Africa in Business: diplomacy, debt and deals

STORY: Here are five business stories making headlines in sub-Saharan Africa this week.

U.S. Treasury Secretary Janet Yellen starts a three-country trip to Africa on Friday (January 20).

After decades in which China has dominated investment on the continent, the U.S. is pitching itself as a more sustainable alternative.

Yellen's visit takes in Senegal, Zambia and South Africa.

Democratic Republic of Congo expects to reach an agreement on overhauling $6bn of an infrastructure-for-minerals deal with Chinese investors this year, its finance minister has said.

President Felix Tshisekedi's government has been revisiting a 2007 deal struck under his predecessor Joseph Kabila.

South Africa is developing new legislation to speed up energy projects, a presentation by the country's energy crisis committee has showed.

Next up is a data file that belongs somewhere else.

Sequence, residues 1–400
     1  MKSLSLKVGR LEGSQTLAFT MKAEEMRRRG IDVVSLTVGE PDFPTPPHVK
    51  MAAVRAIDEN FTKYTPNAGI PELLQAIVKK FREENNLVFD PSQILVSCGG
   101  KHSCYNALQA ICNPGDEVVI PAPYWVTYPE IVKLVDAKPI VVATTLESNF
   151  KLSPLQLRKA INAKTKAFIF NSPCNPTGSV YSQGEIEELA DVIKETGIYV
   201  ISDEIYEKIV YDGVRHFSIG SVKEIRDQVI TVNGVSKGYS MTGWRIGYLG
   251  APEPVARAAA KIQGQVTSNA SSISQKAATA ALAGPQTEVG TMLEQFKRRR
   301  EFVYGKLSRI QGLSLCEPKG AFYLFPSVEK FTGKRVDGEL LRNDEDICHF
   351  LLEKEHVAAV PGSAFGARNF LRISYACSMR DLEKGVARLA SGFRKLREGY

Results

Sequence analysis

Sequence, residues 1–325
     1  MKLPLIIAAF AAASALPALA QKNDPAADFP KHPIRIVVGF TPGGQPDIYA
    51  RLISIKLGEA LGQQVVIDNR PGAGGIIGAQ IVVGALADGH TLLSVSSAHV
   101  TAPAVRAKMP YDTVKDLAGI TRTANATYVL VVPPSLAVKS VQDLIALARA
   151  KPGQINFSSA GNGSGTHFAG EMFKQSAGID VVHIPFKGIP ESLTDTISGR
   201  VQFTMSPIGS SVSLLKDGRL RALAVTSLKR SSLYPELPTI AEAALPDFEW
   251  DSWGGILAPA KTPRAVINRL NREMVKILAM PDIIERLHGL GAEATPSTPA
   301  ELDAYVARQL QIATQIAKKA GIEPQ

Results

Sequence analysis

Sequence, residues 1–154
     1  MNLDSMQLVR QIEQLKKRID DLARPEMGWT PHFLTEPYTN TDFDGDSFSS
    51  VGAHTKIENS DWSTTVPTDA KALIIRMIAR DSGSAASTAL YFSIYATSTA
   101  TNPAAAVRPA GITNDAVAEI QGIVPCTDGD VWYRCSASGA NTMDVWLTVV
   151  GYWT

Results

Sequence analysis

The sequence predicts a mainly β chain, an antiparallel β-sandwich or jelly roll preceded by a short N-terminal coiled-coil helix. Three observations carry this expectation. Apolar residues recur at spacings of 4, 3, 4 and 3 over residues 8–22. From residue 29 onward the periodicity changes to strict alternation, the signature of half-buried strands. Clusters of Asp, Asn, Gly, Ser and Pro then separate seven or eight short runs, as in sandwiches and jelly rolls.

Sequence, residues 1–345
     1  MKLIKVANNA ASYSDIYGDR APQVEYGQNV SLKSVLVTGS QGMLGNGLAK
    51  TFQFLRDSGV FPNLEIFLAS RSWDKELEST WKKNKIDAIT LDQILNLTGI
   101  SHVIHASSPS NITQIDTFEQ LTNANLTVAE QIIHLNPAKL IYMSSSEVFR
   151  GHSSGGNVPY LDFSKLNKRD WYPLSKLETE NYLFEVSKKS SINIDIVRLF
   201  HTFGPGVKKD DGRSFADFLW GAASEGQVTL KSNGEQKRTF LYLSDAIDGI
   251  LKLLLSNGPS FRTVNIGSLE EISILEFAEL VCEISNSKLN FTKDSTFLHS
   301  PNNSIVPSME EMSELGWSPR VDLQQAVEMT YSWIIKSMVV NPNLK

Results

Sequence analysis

Amid some of the country's worst-ever power cuts, the committee said emergency legislation could add capacity more quickly.

Several other African countries will also be adding more capacity - via United Arab Emirates renewables company Masdar.

On Friday it said it had agreed generation projects with a capacity of up to 3 gigawatts in Angola and Uganda.

Earlier in the week 2 gigawatts of projects were announced in Zambia and a 500 megawatt solar plant in Ethiopia.

And finally, Zambia received a "debt for nature swap" proposal from the WWF as a parts of its $13bn restructuring discussions, the government confirmed on Wednesday (January 18).

In its simplest form, that means replacing expensive bonds or loans with cheaper financing in exchange for protecting fragile ecosystems.

The approach helped both Belize and Seychelles secure writedowns that put tens of millions of dollars into ocean protection.

Conservationists see Zambia, with its vast national parks, as an obvious candidate.